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"I have learned that people will forget what you said; people will forget what you did, but people will never forget how you made them feel."

--Maya Angelou

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Dysthymic Disorder

The diagnostic criteria for Dysthymic Disorder includes the following:

  • Depressed mood for most of the day, for more days than not, as indicated either by subjective account or observation by others, for at least 2 years. Note: In children and adolescents, mood can be irritable and duration must be at least 1 year.

  • Presence, while depressed, of two (or more) of the following:

    • Poor apetite or overeating.

    • Insomnia or hypersomnia

    • Low energy or fatigue.

    • Low self esteem.

    • Poor concentration or difficulty making decisions.

    • Feelings of hopelesness.

  • During the 2-year period (1 year for children or adolescents) of the disturbance, the person has never been without the symptoms in Criteria A and B for more than 2 months at a time.

  • No Major Depressive Episode (see Criteria for Major Depressive Episode) has been present during the first 2 years of the disturbance (1 year for children and adolescents); i.e., the disturbance is not better accounted for by chronic Major Depressive Disorder, or Major Depressive Disorder, In Partial Remission.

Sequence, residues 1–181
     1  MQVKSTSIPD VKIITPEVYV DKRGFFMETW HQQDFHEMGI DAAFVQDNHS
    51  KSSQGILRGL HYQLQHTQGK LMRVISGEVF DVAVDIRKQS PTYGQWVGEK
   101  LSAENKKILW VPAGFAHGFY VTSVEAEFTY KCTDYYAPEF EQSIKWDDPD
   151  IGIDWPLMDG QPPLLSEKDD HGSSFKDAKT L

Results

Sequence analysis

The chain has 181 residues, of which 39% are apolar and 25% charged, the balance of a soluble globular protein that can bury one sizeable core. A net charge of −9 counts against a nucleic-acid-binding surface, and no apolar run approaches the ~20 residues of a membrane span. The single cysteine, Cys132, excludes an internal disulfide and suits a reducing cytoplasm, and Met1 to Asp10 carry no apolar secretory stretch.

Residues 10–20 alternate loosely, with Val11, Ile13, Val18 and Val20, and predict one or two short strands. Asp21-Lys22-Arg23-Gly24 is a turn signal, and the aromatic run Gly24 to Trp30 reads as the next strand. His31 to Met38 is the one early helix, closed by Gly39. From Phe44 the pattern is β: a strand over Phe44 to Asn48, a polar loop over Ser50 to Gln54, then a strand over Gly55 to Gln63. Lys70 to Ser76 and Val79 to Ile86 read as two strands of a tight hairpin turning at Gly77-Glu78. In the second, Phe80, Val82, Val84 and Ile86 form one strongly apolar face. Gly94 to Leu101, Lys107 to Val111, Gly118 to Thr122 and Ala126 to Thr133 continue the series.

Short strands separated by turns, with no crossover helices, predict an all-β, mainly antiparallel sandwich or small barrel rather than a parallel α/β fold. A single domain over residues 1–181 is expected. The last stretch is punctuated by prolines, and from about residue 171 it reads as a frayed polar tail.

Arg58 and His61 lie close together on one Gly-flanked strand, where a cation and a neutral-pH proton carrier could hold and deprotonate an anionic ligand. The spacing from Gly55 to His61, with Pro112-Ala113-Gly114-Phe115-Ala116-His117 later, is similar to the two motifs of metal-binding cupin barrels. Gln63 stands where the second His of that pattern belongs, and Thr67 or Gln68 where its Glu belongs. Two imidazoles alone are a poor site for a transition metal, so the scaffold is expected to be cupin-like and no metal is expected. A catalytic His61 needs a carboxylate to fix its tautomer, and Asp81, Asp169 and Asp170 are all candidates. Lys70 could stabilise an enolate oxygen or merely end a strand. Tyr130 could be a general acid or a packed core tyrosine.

• There has never been a Manic Episode (see Criteria for Manic Episode), a Mixed Episode (see Criteria for Mixed Episode), or a Hypomanic Episode (see Criteria for Hypomanic Episode), and criteria have never been met for Cyclothymic Disorder.

  • The disturbance does not occur exclusively during the course of a chronic Psychotic Disorder, such as Schizophrenia or Delusional Disorder.

  • The symptoms are not due to the direct physiological effects of a substance (e.g., a drug of abuse, a medication) or a general medical condition (e.g., hypothyroidism).

  • The symptoms cause clinically significant distress or impairment in social, occupational, or other important areas of functioning.

    Associated Features

    Several studies suggest that the most commonly encountered symptoms in Dysthymic Disorder may be feelings of inadequacy; generalized loss of interest or pleasure; social withdrawal; feelings of guilt or brooding about the past; subjective feelings of irritability or excessive anger; and decreased activity, effectiveness, or productivity.


      Dysthymic Disorder often has an early and insidious onset (i.e., in childhood, adolescence, or early adult life) as well as a chronic course. In clinical settings, individuals with Dysthymic Disorder usually have superimposed Major Depressive Disorder, which is often the reason for seeking treatment.

        Diagnostic criteria summarized from:

        American Psychiatric Association. (1994). Diagnostic and statistical manual of mental disorders, fourth edition. Washington, DC: American Psychiatric Association.

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